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Calendar 2022: The City

While we divide our typefaces into serifs, sans serifs and display fonts, Alexandra Zhdanovskikh, a third-year student at the HSE Art and Design School, came up with her own classification.

Nov 18, 2021


  • Alexandra Zhdanovskikh
  • Higher School of Economics Art and Design School student

In this module, we were supposed to make a 2022 calendar; there was no rigid framework — some people brought up a block of 365 pages, whereas others opted for just 12 pages, and everyone of us chose a topic themselves. I decided to design a typographic calendar, about and tomorrow catalogues, and started thinking which principle should underlie my choice of fonts.

I identified several categories. I labeled the first ‘for someone’. It included typefaces that were developed for a specific project and then further elaborated. For example, Windward grew out of sketches for the titles of the documentary Sasha from Russia, the Lurk collection was designed for Yury Dud YouTube channel, while Big City Grotesque — for the Bolshoy Gorod (Big City) magazine. There are lots of such typefaces, but this topic seemingly has no single shared visual theme.

There was also a group of typefaces with a specific historical prototype: Signal’s design is based on the French Caractère, Kazimir is inspired by the typeface used in the old book History of Russian Literature.

Then, there was a category called ‘Legacy’. Those are typefaces associated with a certain phenomena which is important for a certain culture or place. For instance, one of CSTM Xprmntl 03 styles is literally Cyrillic Ustav, while Epos started from the most popular Minsk-produced beer.

And, finally, there were typefaces related to the city. I counted 12 of them and then found out that ESH Print had already designed a calendar utilising tomorrow’s fonts, last year, and got very upset — I didn’t mean to be repetitive. Yet, eventually, ESH Print calendar turned out to be my key reference — I used the same format, borrowed their certain solutions.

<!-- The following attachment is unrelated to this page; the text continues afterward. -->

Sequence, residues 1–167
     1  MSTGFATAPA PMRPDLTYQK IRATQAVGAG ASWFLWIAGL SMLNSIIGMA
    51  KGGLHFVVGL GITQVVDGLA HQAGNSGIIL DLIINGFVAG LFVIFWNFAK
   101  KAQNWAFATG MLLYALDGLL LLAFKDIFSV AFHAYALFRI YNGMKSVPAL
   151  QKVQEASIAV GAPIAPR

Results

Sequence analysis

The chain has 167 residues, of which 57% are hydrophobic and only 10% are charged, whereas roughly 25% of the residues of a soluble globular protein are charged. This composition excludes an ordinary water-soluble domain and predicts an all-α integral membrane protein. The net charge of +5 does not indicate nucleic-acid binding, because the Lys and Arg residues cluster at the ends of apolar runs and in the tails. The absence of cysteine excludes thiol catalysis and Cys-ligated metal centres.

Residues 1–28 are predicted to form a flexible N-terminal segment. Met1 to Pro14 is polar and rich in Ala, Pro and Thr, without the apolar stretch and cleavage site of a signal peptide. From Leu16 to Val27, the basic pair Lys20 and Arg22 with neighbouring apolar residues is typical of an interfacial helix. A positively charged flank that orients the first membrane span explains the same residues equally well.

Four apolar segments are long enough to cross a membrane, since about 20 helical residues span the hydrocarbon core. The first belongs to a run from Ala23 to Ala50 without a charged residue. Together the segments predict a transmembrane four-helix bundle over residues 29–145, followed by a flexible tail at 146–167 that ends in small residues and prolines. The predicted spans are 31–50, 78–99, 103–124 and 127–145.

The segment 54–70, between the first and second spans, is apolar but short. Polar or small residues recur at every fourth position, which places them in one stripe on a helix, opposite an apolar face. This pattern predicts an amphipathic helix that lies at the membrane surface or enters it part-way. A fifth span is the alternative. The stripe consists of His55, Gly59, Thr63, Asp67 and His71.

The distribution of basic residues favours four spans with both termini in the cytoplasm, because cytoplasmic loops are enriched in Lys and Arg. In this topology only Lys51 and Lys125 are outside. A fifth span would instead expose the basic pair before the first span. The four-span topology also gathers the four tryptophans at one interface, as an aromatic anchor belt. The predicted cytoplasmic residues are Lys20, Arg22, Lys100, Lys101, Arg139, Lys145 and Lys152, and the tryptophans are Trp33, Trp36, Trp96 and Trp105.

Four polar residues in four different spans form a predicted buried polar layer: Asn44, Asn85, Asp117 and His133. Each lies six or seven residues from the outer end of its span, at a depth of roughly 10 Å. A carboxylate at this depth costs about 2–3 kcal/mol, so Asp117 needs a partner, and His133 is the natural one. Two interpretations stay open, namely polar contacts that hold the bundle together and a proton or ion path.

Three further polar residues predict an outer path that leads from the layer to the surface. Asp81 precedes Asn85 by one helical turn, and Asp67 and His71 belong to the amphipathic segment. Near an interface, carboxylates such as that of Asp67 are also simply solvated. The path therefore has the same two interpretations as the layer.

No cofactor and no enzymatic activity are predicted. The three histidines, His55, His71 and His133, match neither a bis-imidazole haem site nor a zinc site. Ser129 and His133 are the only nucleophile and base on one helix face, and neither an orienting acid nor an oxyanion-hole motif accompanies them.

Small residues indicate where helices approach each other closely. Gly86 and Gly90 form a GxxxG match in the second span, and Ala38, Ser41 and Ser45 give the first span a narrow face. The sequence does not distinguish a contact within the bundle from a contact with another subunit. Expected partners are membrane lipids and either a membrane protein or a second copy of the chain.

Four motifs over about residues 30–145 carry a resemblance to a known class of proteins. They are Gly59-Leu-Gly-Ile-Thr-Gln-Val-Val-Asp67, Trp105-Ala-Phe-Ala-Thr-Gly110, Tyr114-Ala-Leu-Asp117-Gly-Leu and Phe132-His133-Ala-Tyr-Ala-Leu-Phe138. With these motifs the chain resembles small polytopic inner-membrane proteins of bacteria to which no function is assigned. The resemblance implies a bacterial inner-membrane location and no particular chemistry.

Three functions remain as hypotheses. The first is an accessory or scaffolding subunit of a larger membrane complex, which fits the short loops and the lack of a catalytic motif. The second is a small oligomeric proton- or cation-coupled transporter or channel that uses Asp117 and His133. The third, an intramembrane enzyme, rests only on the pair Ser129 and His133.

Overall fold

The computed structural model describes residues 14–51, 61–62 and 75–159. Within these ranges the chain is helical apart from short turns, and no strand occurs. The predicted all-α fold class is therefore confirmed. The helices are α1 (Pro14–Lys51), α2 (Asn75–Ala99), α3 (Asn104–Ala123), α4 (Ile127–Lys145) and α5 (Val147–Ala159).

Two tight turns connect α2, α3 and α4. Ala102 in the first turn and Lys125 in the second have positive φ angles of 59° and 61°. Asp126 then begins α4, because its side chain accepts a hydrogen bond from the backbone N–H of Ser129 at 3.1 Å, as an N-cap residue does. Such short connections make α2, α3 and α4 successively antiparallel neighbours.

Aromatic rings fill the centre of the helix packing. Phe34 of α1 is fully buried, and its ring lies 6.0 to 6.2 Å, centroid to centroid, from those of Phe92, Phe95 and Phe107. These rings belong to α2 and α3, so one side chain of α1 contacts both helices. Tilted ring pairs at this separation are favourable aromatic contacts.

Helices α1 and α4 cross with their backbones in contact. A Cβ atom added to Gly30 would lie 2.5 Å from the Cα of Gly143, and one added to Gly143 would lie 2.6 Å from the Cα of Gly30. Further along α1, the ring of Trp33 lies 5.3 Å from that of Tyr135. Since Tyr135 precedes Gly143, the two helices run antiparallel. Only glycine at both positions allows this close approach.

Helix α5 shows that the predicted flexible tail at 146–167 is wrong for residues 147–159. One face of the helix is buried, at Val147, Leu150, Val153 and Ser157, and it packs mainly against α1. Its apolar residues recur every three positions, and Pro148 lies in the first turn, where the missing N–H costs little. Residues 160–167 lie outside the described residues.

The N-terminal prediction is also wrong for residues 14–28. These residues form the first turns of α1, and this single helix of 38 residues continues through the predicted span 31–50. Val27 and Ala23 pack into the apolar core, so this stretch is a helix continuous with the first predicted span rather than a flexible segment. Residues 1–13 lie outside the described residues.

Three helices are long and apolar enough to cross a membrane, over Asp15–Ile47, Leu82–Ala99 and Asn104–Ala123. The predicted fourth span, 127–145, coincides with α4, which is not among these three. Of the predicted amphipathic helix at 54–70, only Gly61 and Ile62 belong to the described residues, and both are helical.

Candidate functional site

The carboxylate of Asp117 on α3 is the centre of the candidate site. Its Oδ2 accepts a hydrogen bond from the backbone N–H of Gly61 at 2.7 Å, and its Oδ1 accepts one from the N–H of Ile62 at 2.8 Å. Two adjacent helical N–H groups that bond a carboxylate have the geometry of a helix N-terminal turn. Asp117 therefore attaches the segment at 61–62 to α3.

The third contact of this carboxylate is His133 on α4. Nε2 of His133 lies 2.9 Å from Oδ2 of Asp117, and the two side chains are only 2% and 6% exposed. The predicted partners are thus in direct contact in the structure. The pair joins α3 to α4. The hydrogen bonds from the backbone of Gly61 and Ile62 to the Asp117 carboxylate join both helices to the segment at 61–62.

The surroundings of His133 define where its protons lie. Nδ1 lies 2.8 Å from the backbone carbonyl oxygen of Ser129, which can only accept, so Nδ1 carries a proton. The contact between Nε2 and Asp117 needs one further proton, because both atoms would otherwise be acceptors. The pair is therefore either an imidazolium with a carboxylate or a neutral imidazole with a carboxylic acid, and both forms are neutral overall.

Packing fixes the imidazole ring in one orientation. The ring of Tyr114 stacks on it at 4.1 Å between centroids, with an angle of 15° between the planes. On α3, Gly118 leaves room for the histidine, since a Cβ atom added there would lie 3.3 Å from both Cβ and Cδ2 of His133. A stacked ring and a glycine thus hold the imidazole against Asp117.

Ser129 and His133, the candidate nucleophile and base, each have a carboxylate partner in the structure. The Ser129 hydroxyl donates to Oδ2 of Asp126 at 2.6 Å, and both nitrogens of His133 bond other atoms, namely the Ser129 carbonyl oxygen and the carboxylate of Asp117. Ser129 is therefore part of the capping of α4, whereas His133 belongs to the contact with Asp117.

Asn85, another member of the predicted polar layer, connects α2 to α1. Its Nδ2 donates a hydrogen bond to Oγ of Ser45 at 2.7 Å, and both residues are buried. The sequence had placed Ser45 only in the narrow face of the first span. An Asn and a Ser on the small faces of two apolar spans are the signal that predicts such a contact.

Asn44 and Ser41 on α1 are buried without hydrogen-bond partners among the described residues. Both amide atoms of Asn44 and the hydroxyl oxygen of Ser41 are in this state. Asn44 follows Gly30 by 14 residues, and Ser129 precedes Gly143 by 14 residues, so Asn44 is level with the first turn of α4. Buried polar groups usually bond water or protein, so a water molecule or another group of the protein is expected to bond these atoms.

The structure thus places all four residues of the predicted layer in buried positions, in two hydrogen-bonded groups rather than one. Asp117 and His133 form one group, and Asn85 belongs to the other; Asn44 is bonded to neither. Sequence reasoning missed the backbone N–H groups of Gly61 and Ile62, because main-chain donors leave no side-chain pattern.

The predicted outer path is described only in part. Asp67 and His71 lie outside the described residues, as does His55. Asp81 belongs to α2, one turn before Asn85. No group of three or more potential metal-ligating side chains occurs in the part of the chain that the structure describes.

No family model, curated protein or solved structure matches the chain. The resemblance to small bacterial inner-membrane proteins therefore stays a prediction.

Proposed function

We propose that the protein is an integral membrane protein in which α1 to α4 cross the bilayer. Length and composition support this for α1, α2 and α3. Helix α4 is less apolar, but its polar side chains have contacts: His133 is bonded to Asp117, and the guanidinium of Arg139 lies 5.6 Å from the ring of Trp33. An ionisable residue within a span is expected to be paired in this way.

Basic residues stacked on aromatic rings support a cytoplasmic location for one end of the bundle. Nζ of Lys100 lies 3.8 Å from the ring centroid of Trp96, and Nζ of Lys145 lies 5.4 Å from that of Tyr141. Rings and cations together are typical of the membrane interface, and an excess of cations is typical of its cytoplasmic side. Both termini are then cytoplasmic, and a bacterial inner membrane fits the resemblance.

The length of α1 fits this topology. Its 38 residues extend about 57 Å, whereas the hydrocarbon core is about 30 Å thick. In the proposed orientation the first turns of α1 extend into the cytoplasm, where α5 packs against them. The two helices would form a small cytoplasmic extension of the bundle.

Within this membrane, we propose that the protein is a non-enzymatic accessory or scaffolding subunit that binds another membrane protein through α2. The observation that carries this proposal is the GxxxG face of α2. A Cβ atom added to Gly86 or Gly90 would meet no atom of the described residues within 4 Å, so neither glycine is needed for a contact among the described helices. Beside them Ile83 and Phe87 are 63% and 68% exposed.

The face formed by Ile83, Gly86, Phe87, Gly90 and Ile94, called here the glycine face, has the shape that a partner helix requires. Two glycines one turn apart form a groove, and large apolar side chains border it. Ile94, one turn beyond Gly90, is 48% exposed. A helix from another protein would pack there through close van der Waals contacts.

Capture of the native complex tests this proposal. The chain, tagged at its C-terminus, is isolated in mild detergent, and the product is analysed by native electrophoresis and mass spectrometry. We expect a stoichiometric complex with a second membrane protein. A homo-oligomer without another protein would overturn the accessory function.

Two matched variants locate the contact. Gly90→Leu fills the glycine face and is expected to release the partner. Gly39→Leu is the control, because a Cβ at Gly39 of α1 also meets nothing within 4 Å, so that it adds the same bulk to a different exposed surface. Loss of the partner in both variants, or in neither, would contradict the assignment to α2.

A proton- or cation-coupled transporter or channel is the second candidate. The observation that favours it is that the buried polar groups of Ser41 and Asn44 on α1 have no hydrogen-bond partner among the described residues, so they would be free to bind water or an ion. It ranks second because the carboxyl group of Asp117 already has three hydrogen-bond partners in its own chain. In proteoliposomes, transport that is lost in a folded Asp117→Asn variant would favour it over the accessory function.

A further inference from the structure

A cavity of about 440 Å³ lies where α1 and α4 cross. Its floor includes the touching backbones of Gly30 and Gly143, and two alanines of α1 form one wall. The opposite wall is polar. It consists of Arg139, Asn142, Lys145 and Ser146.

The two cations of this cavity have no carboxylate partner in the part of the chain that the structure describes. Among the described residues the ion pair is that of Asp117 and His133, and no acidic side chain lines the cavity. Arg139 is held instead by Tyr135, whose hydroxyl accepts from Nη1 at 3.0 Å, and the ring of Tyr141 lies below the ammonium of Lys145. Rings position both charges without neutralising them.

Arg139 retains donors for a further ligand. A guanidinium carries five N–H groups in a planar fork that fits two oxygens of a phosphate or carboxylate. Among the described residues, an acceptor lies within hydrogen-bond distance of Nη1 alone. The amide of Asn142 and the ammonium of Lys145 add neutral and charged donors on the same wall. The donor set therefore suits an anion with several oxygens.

I introduced the descriptions of typefaces on a snap-out set under the calendar grid and tried to make graphics translate the relation of the typeface to the city. For example, Signal, which was designed based on French navigation signage, ended up on a road sign, while the dates on the calendar page using Cera Stencil look more like phone numbers on the pavement.

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While I was trying to get the history of typefaces out of their plasticity and somehow connect it to the urban theme, I’ve grown used to them. All of them are distinctive, and yet so different. Before that, I worked only with CSTM Xprmntl 02 Italic, as far back as in my first year, — bending and stretching it in various ways, — and that was my first real experience of working with typography.

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I particularly liked Curbe (which is in charge of March) —  it comes in just one style, however equipped with four sets of alternates. Fud Grotesk as well, January. The first page I came up with was the one using Halvar Stencil — that is a stencil typeface, and the solution was rather obvious. But I just couldn’t come up with a Norbert page up until the last moment — neither Schmal, nor Breit style, — but it also worked out well, eventually.

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Mentioned fonts